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Emperor Ashoka visited Bodh Gaya approximately 250 years after Buddha’s time, erecting a monument in the form of a shrine under the Bodhi Tree under which, according to tradition, the Buddha attained enlightenment.

Ashoka is credited with being the creator of the well-known Mahabodhi Temple. The city was at the heart of a Buddhist civilization for centuries, with life being centered around the Mahabodhi Temple and other monasteries and monuments.

The statue of Buddha in the Chinese Temple is 200 years old and was brought from China. The Myanmar (Burmese) Temple is also pagoda-shaped and is reminiscent of Pagan.

Bodh Gaya is considered by Buddhists as one of the world’s holiest cities, having served as the place of Gautama Buddha’s enlightenment.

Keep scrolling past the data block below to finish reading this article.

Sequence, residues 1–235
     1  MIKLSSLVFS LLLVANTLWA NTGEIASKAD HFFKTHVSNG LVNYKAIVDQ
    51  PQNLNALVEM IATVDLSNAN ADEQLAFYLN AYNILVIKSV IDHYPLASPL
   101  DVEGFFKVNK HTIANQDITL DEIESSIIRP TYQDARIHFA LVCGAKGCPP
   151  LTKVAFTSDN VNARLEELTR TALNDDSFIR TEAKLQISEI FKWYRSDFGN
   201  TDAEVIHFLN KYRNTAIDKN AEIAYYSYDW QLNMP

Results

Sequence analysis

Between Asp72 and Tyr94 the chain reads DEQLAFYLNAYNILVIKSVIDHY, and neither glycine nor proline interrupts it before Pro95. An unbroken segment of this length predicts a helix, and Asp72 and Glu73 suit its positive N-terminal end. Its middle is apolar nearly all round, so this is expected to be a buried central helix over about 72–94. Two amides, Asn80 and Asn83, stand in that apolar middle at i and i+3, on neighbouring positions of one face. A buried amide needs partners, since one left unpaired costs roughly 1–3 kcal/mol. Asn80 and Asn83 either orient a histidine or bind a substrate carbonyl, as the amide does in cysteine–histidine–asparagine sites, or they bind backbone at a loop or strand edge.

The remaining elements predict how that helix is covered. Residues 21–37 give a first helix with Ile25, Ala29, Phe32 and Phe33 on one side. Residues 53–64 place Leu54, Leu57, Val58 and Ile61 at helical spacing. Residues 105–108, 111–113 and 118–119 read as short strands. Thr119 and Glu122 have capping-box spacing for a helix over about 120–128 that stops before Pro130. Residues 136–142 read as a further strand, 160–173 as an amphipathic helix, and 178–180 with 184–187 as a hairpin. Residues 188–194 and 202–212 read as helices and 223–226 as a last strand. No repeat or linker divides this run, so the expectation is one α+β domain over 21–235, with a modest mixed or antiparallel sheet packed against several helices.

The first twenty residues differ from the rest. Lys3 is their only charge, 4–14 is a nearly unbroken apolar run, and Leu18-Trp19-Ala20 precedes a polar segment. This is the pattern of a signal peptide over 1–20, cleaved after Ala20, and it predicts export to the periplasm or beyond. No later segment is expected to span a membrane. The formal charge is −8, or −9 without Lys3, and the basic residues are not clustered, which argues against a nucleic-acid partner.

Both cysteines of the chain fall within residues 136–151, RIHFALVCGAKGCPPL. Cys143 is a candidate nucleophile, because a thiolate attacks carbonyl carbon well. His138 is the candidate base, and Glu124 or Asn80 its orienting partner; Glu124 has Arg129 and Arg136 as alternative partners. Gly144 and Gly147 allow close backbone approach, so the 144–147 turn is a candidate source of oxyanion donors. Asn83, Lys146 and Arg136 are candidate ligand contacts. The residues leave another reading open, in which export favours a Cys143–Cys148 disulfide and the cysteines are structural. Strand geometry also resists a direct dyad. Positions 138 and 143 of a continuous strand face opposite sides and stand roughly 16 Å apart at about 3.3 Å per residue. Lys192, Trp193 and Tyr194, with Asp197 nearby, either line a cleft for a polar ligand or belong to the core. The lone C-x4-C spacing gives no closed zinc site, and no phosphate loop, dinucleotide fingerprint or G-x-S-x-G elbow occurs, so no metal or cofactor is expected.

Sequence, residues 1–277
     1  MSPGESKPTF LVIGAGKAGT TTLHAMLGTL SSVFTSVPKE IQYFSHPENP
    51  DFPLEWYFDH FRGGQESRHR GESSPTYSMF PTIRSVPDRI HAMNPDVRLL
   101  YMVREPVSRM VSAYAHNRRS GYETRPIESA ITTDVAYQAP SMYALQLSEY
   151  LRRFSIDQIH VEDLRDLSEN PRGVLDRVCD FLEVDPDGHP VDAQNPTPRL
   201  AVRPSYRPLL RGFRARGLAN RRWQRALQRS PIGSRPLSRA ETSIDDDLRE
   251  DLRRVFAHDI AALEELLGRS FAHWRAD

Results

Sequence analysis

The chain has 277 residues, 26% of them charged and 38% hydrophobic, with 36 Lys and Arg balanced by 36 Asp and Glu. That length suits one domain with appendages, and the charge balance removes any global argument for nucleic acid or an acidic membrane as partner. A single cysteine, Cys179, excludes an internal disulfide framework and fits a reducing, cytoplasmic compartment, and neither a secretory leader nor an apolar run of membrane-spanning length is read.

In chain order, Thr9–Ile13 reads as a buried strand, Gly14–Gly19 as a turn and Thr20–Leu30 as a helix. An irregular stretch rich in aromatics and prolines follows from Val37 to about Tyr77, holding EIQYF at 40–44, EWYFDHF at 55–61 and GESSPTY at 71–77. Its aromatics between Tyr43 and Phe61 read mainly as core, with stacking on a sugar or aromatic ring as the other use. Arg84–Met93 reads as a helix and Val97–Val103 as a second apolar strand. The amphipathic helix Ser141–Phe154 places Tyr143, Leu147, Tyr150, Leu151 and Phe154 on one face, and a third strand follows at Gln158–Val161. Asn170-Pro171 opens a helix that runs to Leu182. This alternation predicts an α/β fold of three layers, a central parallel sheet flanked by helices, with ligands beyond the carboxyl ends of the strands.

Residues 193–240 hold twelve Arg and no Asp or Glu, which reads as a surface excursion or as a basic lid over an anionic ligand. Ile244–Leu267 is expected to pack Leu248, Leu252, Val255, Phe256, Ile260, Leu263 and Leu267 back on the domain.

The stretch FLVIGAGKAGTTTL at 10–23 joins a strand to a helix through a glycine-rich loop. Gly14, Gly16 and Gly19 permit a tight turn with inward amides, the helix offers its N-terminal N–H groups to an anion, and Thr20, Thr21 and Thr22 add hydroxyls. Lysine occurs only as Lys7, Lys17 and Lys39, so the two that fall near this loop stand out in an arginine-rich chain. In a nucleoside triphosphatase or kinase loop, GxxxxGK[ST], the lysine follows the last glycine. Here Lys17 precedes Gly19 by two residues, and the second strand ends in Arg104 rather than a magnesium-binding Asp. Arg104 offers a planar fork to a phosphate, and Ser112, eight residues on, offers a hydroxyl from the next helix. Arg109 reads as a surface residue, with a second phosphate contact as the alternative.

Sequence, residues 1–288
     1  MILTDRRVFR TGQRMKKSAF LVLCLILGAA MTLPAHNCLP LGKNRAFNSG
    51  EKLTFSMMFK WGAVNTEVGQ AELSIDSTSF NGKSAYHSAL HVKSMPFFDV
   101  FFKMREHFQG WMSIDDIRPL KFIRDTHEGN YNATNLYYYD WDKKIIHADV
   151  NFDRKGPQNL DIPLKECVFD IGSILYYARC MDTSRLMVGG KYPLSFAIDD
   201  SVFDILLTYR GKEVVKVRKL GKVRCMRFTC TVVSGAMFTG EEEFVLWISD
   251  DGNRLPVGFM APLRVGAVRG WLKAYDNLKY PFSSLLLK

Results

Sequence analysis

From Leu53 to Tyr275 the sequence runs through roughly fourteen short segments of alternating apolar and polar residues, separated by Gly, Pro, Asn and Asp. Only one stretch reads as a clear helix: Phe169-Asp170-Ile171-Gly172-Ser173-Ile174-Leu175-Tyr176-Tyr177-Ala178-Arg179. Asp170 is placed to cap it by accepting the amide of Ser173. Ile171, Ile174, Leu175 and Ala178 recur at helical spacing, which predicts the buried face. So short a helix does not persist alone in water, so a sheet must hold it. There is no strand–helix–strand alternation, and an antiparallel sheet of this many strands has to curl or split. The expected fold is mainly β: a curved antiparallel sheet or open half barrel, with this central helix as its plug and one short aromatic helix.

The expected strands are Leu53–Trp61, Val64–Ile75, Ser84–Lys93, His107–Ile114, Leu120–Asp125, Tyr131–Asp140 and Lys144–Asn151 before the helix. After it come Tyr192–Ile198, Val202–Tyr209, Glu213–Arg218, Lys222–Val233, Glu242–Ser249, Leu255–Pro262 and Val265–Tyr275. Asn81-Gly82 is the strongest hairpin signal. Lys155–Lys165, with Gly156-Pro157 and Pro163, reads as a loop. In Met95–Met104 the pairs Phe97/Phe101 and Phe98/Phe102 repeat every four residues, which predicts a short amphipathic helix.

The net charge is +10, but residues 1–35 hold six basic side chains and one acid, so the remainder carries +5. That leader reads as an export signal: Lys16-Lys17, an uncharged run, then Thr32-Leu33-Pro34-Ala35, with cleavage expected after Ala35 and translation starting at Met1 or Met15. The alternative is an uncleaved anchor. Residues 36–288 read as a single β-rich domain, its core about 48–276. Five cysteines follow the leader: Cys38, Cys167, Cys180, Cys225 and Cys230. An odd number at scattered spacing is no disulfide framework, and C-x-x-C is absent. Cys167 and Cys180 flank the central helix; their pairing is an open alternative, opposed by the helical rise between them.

Cereals and rice were being cultivated, as is evidenced by rice husk impressions in the Black and Red ware pottery. Also arising during this time were new techniques in the creation of pottery, resulting in mirror-like light ceramic known as Northern Black Polished Pottery.

The introduction of iron implements and coinage occurred between 600-200 B. The Iron Age was also the era of Gautama Buddha’s life, especially significant to Bodh Gaya as the location of his enlightenment.

Inside, the temple holds a massive and spectacular bronze statue of Buddha.

In a 100 year old garden beside the Thai temple is an 82 foot (25 m) recently erected statue of the Buddha. The Mahabodhi Temple Complex consists of the Temple and seven additional sacred spots.

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